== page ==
One microgram of ds cDNA was used as a template in a 50 μl PCR volume using a forward primer, TGG GGC GCC AGC TGG GGY TTC GAG GGY TAY, based on the internal peptide, NSW GAS WGF EGY VR, and a reverse primer, dT28. The reaction containing pfu DNA polymerase from Stratagene was heated at 95°C for 5 min followed by 30 cycles of denaturation at 95°C for 30 s, annealing at 55°C for 1 min, extension at 68°C for 2 min, and a final extension at 68°C for 10 min. PCR products >100 bp in length were cloned into a Zero-blunt TOPO PCR vector (Invitrogen, Carlsbad, CA) and sequenced. A reverse primer, AGG ACA AAT TTA AGC ATT GCT GCA TTA TCT ACC (based on the C-terminal sequence near the poly-A tail), and a forward primer, GAT AAC TTG CCG GAA TCT GTT GAT TGG AG (based on the NH2 terminal peptide, DNL PES VDW RNE GAV LPC KS), were used to isolate the entire mature protein coding sequence of 1300 bp. The entire cDNA of 1600 bp was later isolated using a forward primer, CAC GTG GCG GAG CGA CGA GGA GGT GAT GTC, based on the sequence containing the signal peptide, and the reverse primer at the C terminus, AGG ACA AAT TTA AGC ATT GCT GCA TTA TCT ACC.
Expression of M. pruriens cysteine protease in Escherichia coli.
The cDNA (1300 bp) coding for the pro-region and the mature portion of the protease was cloned into the expression vector pTWIN1 (New England Biolabs, Ipswich, MA) containing the T7 promoter and lac I repressor. The vector, pTWIN1MUC1300, was transformed into ER2566. The cells growing in log phase were induced with 0.3 mm isopropyl-β-d-thiogalactopyranoside. The E. coli were harvested, suspended in 30 ml of lysis buffer (0.5 m NaCl, 0.02 m Tris, 1 mm EDTA, pH 8.5), and lysed in a French press. The protein, present predominately in the insoluble fraction as inclusion bodies, was solubilized with 8 m urea and refolded in the presence of 0.5 m NaCl, 0.05 m Tris, pH 8.5, 0.7 m l-arginine, 0.01 m glutathione, 0.001 m glutathione disulfide, and 0.005 m EDTA as described (Hwang and Chung, 2002). The refolded pro-protease, or zymogen, was activated in the presence of 0.2 m sodium acetate, pH 4.0, 0.005 m DTT, and 0.005 m EDTA and incubated at 37°C for 30 min. The recombinant protein was purified by Centricon Plus-70 concentrators with 30 kDa molecular weight cutoffs and dialyzed extensively against 0.1 m NaCl and 0.01 m l-cysteine, pH 5.7. In the chromogenic and calcium studies below, higher concentrations of recombinant compared with native mucunain were used to achieve similar effects. In contrast, similar concentrations of recombinant and native mucunain used in the sensory studies achieved similar effects. A possible explanation for this discrepancy is that the recombinant protein folds more effectively in vivo than in vitro.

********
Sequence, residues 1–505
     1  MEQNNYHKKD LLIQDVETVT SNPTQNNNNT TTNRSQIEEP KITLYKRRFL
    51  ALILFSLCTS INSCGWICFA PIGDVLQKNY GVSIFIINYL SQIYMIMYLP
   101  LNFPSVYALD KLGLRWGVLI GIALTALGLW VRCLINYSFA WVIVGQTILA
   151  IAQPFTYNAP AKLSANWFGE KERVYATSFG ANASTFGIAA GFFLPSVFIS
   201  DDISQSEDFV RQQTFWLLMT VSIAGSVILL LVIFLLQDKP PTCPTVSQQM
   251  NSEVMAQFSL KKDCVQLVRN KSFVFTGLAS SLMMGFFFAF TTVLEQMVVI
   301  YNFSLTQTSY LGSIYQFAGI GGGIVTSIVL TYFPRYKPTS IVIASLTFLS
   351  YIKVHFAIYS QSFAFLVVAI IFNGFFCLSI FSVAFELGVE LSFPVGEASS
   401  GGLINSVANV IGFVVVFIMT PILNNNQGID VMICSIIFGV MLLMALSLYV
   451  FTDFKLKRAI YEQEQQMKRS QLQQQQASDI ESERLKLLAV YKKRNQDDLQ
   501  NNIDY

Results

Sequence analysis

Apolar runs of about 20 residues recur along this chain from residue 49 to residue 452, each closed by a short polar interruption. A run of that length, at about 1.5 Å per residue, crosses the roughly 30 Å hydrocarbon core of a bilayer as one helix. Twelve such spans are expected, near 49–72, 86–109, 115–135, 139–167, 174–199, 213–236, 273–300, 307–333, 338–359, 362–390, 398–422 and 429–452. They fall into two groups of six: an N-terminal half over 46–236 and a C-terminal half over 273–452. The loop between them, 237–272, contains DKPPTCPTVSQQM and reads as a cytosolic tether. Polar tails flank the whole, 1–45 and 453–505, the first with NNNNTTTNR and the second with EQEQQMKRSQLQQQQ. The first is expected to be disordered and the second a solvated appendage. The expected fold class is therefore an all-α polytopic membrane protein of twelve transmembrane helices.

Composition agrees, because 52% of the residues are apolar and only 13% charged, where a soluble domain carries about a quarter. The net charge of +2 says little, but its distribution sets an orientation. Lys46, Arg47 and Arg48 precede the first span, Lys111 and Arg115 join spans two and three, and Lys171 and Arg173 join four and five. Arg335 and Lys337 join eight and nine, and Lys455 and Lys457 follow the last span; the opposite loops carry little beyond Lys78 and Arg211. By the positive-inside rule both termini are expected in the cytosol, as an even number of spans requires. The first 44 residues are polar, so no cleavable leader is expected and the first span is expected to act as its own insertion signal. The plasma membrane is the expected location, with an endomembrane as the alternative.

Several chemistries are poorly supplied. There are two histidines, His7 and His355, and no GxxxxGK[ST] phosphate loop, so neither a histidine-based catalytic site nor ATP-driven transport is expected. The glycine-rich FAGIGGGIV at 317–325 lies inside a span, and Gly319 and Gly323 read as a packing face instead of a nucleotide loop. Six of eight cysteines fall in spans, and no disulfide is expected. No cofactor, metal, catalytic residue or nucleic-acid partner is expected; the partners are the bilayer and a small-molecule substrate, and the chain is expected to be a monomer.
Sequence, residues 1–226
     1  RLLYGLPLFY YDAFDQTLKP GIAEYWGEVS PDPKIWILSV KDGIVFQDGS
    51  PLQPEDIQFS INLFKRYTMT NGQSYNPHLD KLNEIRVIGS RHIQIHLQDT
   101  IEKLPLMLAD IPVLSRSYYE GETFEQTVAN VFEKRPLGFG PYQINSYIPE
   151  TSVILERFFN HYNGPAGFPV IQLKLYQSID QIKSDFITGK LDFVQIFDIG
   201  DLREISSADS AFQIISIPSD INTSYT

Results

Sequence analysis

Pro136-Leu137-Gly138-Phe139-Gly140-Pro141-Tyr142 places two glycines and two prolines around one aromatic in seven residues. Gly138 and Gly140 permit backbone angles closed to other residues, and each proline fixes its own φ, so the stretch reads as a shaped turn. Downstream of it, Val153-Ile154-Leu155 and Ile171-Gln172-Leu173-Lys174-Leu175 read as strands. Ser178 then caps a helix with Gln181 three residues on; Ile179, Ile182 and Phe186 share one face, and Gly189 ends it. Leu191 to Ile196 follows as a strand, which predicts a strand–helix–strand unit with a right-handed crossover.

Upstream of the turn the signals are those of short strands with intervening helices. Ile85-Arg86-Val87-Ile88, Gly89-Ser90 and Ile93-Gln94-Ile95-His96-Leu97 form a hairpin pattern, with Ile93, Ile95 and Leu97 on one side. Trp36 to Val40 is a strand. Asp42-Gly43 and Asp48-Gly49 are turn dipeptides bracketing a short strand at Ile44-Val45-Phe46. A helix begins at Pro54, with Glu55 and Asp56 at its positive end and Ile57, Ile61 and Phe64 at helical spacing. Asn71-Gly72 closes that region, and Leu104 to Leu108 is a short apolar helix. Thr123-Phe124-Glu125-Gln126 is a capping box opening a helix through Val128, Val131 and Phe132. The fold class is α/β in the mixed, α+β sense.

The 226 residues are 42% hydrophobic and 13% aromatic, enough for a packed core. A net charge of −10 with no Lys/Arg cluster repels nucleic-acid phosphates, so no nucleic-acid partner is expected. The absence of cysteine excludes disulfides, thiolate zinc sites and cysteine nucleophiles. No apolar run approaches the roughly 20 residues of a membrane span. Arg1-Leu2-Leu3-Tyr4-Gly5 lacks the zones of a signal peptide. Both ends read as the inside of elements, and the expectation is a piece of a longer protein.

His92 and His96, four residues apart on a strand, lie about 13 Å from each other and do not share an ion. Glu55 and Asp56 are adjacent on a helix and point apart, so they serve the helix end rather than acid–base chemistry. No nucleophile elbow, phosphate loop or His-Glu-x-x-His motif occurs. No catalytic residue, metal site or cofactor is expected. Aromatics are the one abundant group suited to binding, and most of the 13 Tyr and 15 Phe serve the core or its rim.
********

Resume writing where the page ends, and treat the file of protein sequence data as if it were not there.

Chromogenic substrate assay.
Native and recombinant mucunain protease activity were measured in a buffer containing 50 mm sodium acetate, pH 5.5, 2.5 mm EDTA, 2.5 mm DTT, and 250 μg/ml Z-Phe-Arg-pNA (Bachem, King of Prussia, PA) as the chromogenic substrate. After adding protease, or protease and E64, the reaction was incubated at room temperature for 1 h. Generation of the yellow product, p-nitroaniline, was assayed by measuring the absorbance at 405 nm. Papain served as a control cysteine protease. E64 was used at a concentration of 10 μm. Experiments were performed in triplicate, and the error bars represent SD.
Reconstitution of spicules.
Native spicules were inactivated by autoclaving for 1 h and reconstituted with native and recombinant mucunains in the presence or absence of the cysteine protease inhibitor E64. Typically, 50 mg of inactivated spicules were mixed with 0.4 ml of 1 mg of native or recombinant mucunain in 0.1 m NaCl with 0.01 m l-cysteine in a 2 ml Microfuge tube, vortexed, dried in a Speed-vac for 2 h at room temperature, vortexed again, and transferred to a new tube. This second vortex step allowed for precipitated salt to be separated from the spicules. These spicules were then considered “reconstituted” with the protease alone. Spicules prepared in a similar manner, but with E64 diluted from the 1 mm stock solution to achieve the same concentration as mucunain, were considered reconstituted with the protease and the inhibitor. The use of 1 mg of mucunain for reconstitution was determined after a series of reconstitutions using a range of quantities of mucunain and then re-extraction. One milligram of mucunain resulted in 4 ng of mucunain per spicule, approximating the natural situation, although the distribution of protein on the spicule would not necessarily match the native ones.
Psychophysical studies in humans.